The collection´s car is one from the first series manufactured

Fiat 600 - 55

The Fiat 600 (Italian: Seicento) is a city car produced by

the Italian manufacturer Fiat from 1955 to 1969.

Origin

Measuring   only   3.22   m   (10   ft   7   in)   long,   it   was   the   first   rear-engined   Fiat   and   cost   the   equivalent of   about   €   6,700   or   US$   7300   in   today's   money   (590,000   lire   then).   The   total   number   produced from   1955   to   1969   at   the   Mirafiori   plant   in   Turin   was   2,695,197.   During   the   1960s,   '70s   and   '80s, the   car   became   very   popular   in   countries   such   as   Spain   (as   SEAT   600),   where   it   became   the   icon, par   excellence,   of   the   Spanish   miracle,   Argentina,   where   it   was   nicknamed   Fitito   (a   diminutive of Fiat) and former Yugoslavia where it was nicknamed Fićo.

Characteristics

The   car   had   hydraulic   drum   brakes   on   all   four   wheels.   Suspension   was   a   unique   single   double- mounted   leafspring   -   which   acts   as   a   stabilizer   -   between   the   front   wheels   coupled   to   gas- charged   shock   absorbers,   and   an   independent   coil-over-shock   absorber   setup   coupled   to   semi- trailing   arms   at   the   rear.   All   600   models   had   3-synchro   (no   synchro   on   1st)   4-speed   transaxles. Unlike   the   Volkswagen   Beetle   or   Fiat   500,   the   Fiat   600   is   water-cooled   with   an   ample   cabin heater   and,   while   cooling   is   generally   adequate,   for   high-power   modified   versions   a   front- mounted   radiator   or   oil   cooler   is   needed   to   complement   the   rear-mounted   radiator.   All   models of the 600 had generators with mechanical external regulators. The   top   speed   ranged   from   95   km/h   (59   mph)   empty   with   the   633   cc   inline-four   engine   to   110 km/h (68 mph) with the 767 cc version. The car had good ventilation and defrosting systems. A   year   after   its   debut,   in   1956,   a   soft-top   version   was   introduced,   as   well   as   a   six-seater   variant — the Fiat 600 Multipla. It was a precursor of current multi-purpose vehicles. Retrospectively   the   water-cooled   Fiat   600   is   sometimes   over-shadowed   by   the   air-cooled   Fiat 500,   but   the   600   was   a   remarkably   fast   seller   in   its   time:   the   millionth   600   was   produced   in February   1961,   less   than   six   years   after   the   car's   launch. At   the   time   when   the   millionth   car   was produced,   the   manufacturer   reported   it   was   producing   the   car   at   the   then   remarkable   rate   of 1,000 a day. As of 2011 there are only 65 left in the UK that are road legal.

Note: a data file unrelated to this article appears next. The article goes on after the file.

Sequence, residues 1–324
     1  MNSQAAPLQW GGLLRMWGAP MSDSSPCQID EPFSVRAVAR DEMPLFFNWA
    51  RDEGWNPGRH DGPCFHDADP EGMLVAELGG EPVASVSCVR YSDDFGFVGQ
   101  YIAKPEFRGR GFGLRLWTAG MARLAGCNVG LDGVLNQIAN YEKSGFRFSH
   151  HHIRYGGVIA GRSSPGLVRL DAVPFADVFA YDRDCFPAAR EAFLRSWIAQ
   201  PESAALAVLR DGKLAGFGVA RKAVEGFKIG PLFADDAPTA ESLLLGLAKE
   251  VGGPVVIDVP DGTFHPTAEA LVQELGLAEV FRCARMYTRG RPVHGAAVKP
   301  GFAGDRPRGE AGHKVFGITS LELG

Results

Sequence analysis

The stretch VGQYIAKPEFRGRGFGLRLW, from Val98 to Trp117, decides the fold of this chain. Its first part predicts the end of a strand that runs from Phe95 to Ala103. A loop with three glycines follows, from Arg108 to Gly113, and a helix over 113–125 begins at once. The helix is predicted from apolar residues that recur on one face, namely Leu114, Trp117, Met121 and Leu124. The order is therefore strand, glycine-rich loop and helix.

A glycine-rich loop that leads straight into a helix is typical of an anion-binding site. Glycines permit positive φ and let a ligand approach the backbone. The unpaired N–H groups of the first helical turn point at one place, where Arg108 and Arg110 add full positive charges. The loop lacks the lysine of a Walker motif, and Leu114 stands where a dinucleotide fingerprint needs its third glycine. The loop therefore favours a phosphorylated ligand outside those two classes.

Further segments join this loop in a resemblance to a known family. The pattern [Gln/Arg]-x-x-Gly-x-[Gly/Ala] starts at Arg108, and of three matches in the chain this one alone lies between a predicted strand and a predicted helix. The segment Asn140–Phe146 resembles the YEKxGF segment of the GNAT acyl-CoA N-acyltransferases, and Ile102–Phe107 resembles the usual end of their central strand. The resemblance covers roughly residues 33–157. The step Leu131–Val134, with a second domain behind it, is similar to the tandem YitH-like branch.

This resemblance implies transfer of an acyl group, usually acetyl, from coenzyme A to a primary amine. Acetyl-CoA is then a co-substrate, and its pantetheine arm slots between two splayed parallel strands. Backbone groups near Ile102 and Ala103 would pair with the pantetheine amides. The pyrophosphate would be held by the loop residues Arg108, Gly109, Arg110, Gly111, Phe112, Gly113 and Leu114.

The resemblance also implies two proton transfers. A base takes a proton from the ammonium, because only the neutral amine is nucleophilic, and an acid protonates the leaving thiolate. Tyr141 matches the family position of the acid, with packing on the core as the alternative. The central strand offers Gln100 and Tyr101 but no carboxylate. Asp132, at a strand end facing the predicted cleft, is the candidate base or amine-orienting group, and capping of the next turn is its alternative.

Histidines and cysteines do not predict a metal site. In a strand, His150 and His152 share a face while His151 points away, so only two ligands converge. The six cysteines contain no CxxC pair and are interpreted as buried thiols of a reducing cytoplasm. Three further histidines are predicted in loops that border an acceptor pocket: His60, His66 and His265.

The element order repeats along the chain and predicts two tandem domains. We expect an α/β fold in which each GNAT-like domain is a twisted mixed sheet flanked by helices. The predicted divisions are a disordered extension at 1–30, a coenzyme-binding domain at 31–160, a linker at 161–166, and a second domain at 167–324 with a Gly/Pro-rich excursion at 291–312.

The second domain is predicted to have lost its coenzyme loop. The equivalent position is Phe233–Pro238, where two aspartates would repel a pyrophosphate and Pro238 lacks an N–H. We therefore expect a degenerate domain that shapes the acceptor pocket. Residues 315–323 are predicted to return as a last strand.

Derivatives

SEAT 600/800

In   Spain,   the   600   model   was   made   under   the   make   of   SEAT,   from   1957   to   1973.   Up   to   797.319 SEAT    600    were    made.    The    Spanish    car    maker    exported    them    to    a    number    of    countries worldwide. This car motorised Spain after the Spanish Civil War. SEAT   produced   various   derivatives   of   the   original   600   model   some   of   them   with   improvements and   special   fittings   like   the   use   of   "suicide   doors":   the   SEAT   600   D/E/L   Especial   version,   the 'Descapotable' convertible and the 'Formicheta' commercial version etc. The   most   interesting   version   produced   between   1964   and   1967   by   SEAT   is   though   the   SEAT   800, the   sole   four-door   derivative   of   the   600   model   which   received   a   longer   wheelbase.   It   was developed   in-house   by   SEAT   and   produced   exclusively   by   the   Spanish   car   maker   without   any equivalent model in Fiat's range.